https://charliecraighead.eventbrite.com Stuck for an original story? Have an idea for a mystery but don’t know enough about
Stuck for an original story? Have an idea for a mystery but don’t know enough about the setting to be comfortable writing it? Need some fresh vocabulary for your poetry? You could always ask Google or “borrow” from another writer, but there’s a better way – traditional research, much like you hated doing for those college papers, but now way more fun. Between the internet and hands-on libraries and archives you have access to an untapped universe of material.
In-depth literary research is usually applied to historical or scientific pieces, and for the most part it serves to connect past and present. It finds facts, it confirms and enhances memories (or contradicts them), and it offers comparisons over time. It’s a great way to look at and understand the changes in our society and to help put other cultures in perspective. Best-selling author Kate Quinn uses it to draw her readers convincingly into the past with the slang and customs of the day.
But the same research techniques can bring any genre of writing to life with vivid dialog and authentic names and locations. It can provide you with ideas for original personalities and situations. It can give you an entire vocabulary of forgotten or seldom used words that will ring true to your work and set it apart.
It’s also an extremely effective cure for writer’s block.
Starting with the example of a historical non-fiction book, we’ll see how to branch out and open up various lines of research beneficial to fiction, poetry and especially, memoir. Newspapers, magazines, maps, archival photographs, obsolete dictionaries and encyclopedias – all of these sources can provide inspiration and bring authenticity to your writing. Sometimes, the best material is hiding in a rabbit hole.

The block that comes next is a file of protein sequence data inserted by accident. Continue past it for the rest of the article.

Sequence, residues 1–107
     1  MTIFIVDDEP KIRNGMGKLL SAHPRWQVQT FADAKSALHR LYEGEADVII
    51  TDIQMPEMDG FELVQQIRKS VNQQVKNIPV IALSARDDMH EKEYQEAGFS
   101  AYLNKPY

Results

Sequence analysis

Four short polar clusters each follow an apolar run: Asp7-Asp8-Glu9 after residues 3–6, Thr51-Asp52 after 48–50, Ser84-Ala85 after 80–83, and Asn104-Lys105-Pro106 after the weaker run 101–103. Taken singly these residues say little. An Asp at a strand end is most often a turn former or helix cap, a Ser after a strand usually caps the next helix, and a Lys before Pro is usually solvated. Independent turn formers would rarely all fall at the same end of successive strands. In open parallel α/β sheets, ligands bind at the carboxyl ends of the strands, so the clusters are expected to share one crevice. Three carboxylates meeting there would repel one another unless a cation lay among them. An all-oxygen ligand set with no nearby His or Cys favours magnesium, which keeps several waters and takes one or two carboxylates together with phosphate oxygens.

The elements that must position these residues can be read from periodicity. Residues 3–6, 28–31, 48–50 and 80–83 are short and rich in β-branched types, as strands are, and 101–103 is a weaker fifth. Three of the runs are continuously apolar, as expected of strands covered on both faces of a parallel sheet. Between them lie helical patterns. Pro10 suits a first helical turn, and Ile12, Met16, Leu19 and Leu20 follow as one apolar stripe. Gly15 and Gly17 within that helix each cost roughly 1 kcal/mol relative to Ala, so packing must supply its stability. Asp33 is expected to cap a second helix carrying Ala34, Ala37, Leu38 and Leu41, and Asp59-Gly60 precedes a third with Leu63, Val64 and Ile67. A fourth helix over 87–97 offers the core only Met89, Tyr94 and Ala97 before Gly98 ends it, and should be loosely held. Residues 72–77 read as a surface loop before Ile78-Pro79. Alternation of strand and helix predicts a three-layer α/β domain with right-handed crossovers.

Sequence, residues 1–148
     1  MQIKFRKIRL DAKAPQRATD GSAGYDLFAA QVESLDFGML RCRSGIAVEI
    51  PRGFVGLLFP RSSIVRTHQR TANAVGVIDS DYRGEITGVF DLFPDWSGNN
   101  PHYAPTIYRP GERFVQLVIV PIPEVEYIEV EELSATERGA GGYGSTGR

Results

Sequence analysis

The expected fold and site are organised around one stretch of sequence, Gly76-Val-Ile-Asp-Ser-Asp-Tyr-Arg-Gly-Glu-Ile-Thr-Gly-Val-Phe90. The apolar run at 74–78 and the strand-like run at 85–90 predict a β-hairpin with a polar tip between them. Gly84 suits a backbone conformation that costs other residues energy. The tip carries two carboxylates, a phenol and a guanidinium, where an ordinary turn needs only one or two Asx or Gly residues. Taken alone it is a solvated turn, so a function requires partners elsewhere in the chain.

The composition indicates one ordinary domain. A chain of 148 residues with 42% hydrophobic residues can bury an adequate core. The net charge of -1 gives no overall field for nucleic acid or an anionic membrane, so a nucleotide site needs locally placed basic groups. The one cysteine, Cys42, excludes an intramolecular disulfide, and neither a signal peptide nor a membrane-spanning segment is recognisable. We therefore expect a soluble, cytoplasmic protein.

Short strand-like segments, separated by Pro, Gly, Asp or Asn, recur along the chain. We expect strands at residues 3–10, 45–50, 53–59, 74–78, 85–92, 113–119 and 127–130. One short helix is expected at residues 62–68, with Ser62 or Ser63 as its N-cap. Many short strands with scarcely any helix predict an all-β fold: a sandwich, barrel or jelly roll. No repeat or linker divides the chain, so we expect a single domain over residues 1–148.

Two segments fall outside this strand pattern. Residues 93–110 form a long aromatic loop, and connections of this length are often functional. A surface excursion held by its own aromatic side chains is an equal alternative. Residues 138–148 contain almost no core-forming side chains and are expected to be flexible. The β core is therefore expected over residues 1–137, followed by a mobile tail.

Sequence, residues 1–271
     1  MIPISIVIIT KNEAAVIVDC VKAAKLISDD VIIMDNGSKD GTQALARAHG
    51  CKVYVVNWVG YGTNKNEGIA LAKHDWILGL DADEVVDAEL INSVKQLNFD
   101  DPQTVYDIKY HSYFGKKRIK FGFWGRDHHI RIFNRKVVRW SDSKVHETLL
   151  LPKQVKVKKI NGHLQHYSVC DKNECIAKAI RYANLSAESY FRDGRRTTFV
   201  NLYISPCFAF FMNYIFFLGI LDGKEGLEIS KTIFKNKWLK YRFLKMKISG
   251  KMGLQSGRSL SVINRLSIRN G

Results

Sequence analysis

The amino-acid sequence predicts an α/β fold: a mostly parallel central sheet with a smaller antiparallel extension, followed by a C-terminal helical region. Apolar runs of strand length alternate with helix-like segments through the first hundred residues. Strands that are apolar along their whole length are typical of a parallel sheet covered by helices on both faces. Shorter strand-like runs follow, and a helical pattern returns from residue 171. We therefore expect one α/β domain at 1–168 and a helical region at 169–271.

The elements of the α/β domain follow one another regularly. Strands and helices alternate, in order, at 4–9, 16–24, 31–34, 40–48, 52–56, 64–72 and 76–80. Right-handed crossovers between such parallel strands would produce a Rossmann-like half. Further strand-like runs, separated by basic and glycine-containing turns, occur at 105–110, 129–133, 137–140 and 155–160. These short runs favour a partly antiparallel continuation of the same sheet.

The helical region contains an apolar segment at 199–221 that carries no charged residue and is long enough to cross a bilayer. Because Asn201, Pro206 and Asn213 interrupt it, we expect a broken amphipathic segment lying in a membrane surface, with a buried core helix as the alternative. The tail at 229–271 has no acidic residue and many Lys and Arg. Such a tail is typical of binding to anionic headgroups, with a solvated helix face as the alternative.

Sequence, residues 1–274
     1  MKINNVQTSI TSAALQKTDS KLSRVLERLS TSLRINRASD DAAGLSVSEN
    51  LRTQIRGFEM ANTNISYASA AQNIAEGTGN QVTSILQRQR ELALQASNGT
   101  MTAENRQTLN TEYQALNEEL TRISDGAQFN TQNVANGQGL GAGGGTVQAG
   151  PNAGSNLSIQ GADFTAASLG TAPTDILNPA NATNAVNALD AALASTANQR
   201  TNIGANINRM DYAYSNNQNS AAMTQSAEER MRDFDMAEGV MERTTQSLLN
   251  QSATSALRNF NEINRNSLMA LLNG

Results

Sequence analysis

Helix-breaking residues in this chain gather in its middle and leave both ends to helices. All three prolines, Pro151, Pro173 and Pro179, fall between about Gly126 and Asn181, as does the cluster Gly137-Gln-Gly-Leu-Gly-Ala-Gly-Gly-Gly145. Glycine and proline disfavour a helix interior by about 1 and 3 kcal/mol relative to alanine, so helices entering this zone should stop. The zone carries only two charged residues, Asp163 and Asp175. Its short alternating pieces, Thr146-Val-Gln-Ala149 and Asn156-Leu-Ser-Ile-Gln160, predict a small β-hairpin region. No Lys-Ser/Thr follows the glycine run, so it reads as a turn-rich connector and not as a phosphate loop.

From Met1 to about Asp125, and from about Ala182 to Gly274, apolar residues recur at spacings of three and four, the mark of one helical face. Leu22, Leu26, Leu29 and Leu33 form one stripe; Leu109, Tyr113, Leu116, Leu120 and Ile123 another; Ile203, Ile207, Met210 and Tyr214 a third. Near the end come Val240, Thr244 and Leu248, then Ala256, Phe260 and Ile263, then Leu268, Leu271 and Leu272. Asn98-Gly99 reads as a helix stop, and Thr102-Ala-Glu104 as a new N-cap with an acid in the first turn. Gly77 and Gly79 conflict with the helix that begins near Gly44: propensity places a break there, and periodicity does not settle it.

This workshop is brought to you with generous support from Wyoming Humanities.
Charlie Craighead grew up in Jackson Hole among an extended family of scientists, writers, and artists. He graduated from Utah State University with a BS degree in Wildlife Biology and as class poet, then worked as a biologist, photographer, cinematographer, carpenter, and fishing guide before focusing on writing. Believing that any job can be a learning experience, he has written book intros, field guides, film narration scripts, collaborations with artists, documentary film scripts for PBS Nature, NOVA, and NatGeo Wild, edited biographies, developed and written interpretive panels for national park visitor centers, and written several historical books on iconic Jackson Hole institutions. He lives in Moose, Wyoming.
(Saturday) 9:00 am - 12:00 pm MST